2003 Château Cos d’Estournel ($260)
This vintage is trading at a discount, yet with a 99-point rating from critic Robert M. Parker, Jr., it’s the highest-rated Cos in history. At $260, it’s less than half the cost of the 1982 vintage, which had a 96-point Parker rating. Sokolin believes the ’03 Cos will double in price in five to seven years.
2001 Château d’Yquem ($700)
A rare 200-point wine, with perfect scores from both Parker and the Wine Spectator. This vintage is “the best Yquem ever,” says Sokolin. He believes the sought-after Sauternes has the potential to age beautifully and appreciate greatly in value. It costs $8,400 a case now, but he predicts it could sell for more than $100,000 within the next 25 years.
2003 Château Montrose ($350)
This Bordeaux from the heart of Saint-Estèphe will be great, Sokolin says: “It’s just a matter of time.” At $350 a bottle, the 100-point ’03 is half the price of the 1990, the only other Montrose vintage to receive a 100-point score. When will the time be right to cash in on it? Based on the 1990, the lucky number may be 13 years, but Sokolin thinks the price could double in just five.
2005 Château Troplong Mondot ($450)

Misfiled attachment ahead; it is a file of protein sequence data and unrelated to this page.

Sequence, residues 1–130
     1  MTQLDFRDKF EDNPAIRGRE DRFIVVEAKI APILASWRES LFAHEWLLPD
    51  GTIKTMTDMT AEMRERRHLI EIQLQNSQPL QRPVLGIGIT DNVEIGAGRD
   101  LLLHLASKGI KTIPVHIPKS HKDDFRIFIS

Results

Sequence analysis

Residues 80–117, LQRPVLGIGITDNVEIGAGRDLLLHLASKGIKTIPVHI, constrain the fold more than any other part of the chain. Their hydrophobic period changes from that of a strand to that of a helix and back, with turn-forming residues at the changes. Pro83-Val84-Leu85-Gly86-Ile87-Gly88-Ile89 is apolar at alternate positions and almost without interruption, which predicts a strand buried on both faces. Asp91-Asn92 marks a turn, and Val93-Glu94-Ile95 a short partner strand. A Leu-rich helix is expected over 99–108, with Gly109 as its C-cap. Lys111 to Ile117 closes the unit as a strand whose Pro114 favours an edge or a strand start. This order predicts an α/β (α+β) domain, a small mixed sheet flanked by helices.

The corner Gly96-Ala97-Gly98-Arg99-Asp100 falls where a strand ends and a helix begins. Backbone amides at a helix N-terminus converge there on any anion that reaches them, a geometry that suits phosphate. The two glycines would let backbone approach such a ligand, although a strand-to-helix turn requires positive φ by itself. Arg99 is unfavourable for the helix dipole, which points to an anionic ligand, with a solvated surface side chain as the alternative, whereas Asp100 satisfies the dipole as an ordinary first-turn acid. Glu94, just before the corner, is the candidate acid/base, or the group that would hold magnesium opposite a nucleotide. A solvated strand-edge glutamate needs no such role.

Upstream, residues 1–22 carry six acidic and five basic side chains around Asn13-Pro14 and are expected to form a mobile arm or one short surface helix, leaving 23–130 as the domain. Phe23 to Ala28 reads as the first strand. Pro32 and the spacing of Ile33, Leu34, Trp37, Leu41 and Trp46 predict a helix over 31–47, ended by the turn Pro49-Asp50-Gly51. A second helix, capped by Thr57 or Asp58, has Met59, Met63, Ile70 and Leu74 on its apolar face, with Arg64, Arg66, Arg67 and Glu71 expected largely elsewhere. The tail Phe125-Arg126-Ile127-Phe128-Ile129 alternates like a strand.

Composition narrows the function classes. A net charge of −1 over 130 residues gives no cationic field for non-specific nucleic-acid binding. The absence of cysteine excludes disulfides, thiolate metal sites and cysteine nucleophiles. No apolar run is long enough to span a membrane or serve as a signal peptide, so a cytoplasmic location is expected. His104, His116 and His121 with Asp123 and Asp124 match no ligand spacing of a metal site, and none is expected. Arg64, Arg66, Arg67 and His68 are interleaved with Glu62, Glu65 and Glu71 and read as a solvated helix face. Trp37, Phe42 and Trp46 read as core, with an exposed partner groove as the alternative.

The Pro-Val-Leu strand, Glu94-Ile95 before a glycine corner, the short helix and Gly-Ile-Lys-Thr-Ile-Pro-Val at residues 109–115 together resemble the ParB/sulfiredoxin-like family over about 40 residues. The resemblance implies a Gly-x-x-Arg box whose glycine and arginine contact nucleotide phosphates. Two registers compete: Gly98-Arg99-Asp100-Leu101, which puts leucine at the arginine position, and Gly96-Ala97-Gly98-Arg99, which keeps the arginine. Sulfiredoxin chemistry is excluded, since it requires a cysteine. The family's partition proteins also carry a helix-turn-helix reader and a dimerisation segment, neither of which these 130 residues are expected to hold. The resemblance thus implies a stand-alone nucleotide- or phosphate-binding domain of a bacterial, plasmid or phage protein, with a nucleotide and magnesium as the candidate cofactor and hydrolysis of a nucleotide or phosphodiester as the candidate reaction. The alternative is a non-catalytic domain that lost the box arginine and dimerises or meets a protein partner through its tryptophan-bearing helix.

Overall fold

Sokolin’s argument for this great Saint-Émilion wine is mathematical. This vintage received 99 points from Parker, the second-highest-scoring Bordeaux in a legendary year (only Ausone and L’Eglise-Clinet received perfect Parker scores), and yet it is trading for a lot less than first-growths with lesser ratings. For example, Troplong costs half of the 2005 Château Latour ($900), which received 96 points from Parker. Sokolin predicts the ’05 Troplong will sell for $750 in five years.
2005 Domaine de la Romanée Conti La Tâche ($6,000)
“Despite its price tag, I feel that this wine is a no-brainer for investment,” Sokolin says of this extremely rare Burgundy. “It is one of the greatest wines that has ever been produced, and there are only a few cases on the planet.” Internet critic Allen Meadows (a.k.a. The Burghound) called it a wine with “inner calm.”